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Features (Creature Feature)

Kids here, lambs, calves and piglets on the way

The stork has been busy at Kinder Farm Park in Millersville. Since the beginning of February, there have been multiple births from the celebrity Eco-Goat squad — with more on the way. All are half fainting and half Boer goats.
    Penny, a black and white goat, gave birth to a girl, now named Mable. Mable is an energetic kid who loves to hop around.
    Twin kids Nanny and Boh, a boy and a girl, were born to Tequila, a brown, white and black goat. The twins enjoy snuggling and romping.
    Goat Irrissa’s triplets did not fare so well. A boy kid survived but was too weak to nurse. Volunteers took the little guy home to tube feed until he could suckle, then switched to a bottle. When he is strong enough, he will rejoin the herd.
    These kids may grow up to join the family business, grazing areas of the park overgrown with invasive plants.
    Roy Fielder leads the Friends of Kinder Education Committee, which promotes agriculture through public education about the animals and activities going on down on the farm.
    More goats are due this week, as is a sheep. Bella the cow is due in early March, reports Fielder. The Kinder Farm Park 4H program has a pig due February 22. “Next week should be crazy,” Fielder says.
    We hope they have stocked up on birth announcements.
    Visit the 288-acre park from 7am-dusk daily, except Tuesdays. There is a $6 parking fee, with passes sold and discounted for seniors.

Aquarium names baby loggerhead

No, it’s not Yertle. By popular acclaim, the National Aquarium’s baby loggerhead turtle has been named Sheldon.
    Turtle fans offered more than 20,000 entries during the Aquarium’s competition to name the newcomer. Sheldon joined the Maryland Mountains to the Sea exhibit in December thanks to a partnership with the North Carolina Aquarium at Pine Knoll Shores’ Loggerhead Head Start program, which rescues and rehabilitates imperiled hatchlings.
    Each of the five names selected as finalists has a story.
    Boh borrows the nickname of Baltimore’s favorite beer, National Bohemian.
    Two finalists honored notables who died in 2016: Snape for actor Alan Rickman’s Harry Potter villain and Ziggy for singer David Bowie’s Ziggy Stardust persona.
    Kai is Hawaiian for sea.
    Sheldon, alluding to Jim Parson’s character on CBS television’s comedy The Big Bang Theory, won 27 percent of the vote. Ziggy was the runner-up with 22 percent. Snape came in third with 18 percent.
     “We’re so happy Sheldon has found a home at the Aquarium and very pleased that the public was so involved in naming our loggerhead,” said senior aquarist Elizabeth Claus.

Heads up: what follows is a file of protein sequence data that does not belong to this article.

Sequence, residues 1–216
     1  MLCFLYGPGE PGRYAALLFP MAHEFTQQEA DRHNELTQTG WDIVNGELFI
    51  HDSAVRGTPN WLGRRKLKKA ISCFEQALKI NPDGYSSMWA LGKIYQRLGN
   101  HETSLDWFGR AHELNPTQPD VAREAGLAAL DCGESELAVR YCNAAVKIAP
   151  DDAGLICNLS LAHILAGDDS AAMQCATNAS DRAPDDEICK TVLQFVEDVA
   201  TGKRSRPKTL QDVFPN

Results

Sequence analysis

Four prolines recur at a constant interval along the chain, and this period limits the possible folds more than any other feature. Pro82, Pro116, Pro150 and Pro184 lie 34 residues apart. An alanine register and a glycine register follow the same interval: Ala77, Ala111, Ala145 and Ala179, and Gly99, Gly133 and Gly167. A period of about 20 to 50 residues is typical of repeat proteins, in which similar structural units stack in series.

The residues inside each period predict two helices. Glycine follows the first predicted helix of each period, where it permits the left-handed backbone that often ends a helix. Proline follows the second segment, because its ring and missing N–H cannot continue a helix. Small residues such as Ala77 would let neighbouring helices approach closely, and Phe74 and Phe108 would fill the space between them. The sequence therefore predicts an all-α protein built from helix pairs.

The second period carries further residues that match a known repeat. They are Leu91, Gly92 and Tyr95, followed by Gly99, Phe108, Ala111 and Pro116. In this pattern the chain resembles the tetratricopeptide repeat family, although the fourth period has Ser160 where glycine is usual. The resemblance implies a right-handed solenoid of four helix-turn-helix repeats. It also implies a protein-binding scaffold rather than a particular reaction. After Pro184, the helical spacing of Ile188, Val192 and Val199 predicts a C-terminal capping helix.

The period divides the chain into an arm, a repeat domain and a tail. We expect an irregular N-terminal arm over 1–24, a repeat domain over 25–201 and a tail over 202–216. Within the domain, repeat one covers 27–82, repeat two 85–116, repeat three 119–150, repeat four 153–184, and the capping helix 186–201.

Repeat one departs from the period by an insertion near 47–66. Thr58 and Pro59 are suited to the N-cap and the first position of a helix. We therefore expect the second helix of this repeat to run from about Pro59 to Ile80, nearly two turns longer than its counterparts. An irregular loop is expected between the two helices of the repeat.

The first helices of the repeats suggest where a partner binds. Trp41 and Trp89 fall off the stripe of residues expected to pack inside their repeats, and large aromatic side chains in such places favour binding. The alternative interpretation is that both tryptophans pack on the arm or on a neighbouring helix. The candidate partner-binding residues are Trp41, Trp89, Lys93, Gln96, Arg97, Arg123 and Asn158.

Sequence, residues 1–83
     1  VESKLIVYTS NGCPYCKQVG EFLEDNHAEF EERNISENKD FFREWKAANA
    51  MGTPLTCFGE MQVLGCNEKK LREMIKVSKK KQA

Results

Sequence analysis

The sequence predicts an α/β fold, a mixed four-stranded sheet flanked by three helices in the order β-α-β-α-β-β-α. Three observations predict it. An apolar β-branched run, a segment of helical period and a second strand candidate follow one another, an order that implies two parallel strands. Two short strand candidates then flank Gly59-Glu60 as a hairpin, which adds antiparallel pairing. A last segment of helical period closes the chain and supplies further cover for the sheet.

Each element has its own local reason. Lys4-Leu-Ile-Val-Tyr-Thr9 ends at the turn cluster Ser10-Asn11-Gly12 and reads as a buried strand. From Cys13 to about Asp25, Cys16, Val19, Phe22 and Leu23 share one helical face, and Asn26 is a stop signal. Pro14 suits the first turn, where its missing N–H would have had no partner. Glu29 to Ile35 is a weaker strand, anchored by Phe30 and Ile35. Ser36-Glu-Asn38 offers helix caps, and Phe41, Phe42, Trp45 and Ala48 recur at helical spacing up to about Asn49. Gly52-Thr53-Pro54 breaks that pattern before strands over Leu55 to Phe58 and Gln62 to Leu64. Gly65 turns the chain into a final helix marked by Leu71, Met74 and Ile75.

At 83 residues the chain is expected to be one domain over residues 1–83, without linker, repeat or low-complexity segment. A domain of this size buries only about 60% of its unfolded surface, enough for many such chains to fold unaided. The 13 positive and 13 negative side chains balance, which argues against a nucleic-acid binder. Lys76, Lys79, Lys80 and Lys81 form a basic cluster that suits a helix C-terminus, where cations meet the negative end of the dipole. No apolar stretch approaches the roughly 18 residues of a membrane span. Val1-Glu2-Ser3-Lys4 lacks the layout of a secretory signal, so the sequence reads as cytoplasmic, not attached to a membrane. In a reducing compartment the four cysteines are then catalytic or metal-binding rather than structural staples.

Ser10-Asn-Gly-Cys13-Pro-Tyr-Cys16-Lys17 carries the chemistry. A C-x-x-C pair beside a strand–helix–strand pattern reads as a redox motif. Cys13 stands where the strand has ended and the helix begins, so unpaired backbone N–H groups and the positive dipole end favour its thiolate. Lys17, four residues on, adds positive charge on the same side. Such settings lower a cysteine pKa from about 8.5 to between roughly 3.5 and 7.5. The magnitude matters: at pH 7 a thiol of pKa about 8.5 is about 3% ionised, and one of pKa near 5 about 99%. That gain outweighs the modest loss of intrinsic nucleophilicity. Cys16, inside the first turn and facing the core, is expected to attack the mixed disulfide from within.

Three other rescue turtles at the Aquarium became Ed, Franklin and Henry, taking names submitted by family and friends in memory of recently lost loved ones.
     Sheldon can look forward to a year of residency at the National Aquarium before being released into the wild.
     Sea turtles, a fundamental link in marine ecosystems, cultivate sea grass beds, helping to maintain their health. They also eat jellyfish.

Now at home in Maryland Zoo

He wasn’t a fish out of water, but just the same, he was not where he should be. The young sandhill crane was discovered in western Maryland, walking down the center lane of a highway and hanging out in a Home Depot parking lot.
    The tall, gray birds with long necks and legs are normally found this time of year in the southern portions of the U.S. and northern Mexico. They are not endangered, and populations thrive in their natural range, sometimes in huge flocks. They are infrequently seen this far east, although Maryland Department of Natural Resources reports that their range is gradually spreading east. Last summer one breeding pair nested in Garrett County. Perhaps they were the parents of this wanderer?
    “Our response team received multiple reports of the crane before we were able to get our hands on him,” says Karina Stonesifer, associate director of Maryland Wildlife and Heritage. “Every time we would get to the site, he’d be gone. We finally met the bird about a week later, and he was pretty funny, coming toward us as if wanting to be acknowledged and then quickly dipping off and running. This was the first time any of us had ever handled this species in the wild.”
    The 18-month-old bird, named Garrett for the county of his discovery, was eventually captured and brought to the Maryland Zoo for medical ­attention.
    Healthy but thin, the bird appeared unafraid of zoo staff, opting to follow them rather than keep his distance. The bird was probably being fed by humans, according to Jen Kottyan, avian collection and conservation manager at the Maryland Zoo. Thus Garrett cannot be released into the wild.        
    The zoo has given him a permanent home in its Maryland Wilderness Marsh Aviary.
    “We have a wide array of native birds in the aviary,” says Kottyan, “and Garrett seems to be settling in nicely.”

Why do these home-bodies endure the ­rigors of a northern winter when they could fly south?

All birds are migratory to some extent. Some may travel great distances twice annually, from North to South America. Others may regularly move, as the seasons turn, from Canada to Mexico and farther. A few species merely move southward as cold weather advances. Still others wander about in search of a good food supply.
    A smaller number do not travel much at all. They may spend their entire lives within a mile of their birthplace, expanding their range only as the population increases. The cardinal is one of these stay-at-homes.
    Why do these colorful birds, which one would expect to live in the tropics, stay with us all the year? Why do they endure the rigors of a northern winter when they could fly south?
    The answer is buried deep in the evolutionary past, within the climatic changes and continental drifts that have occurred through the ages.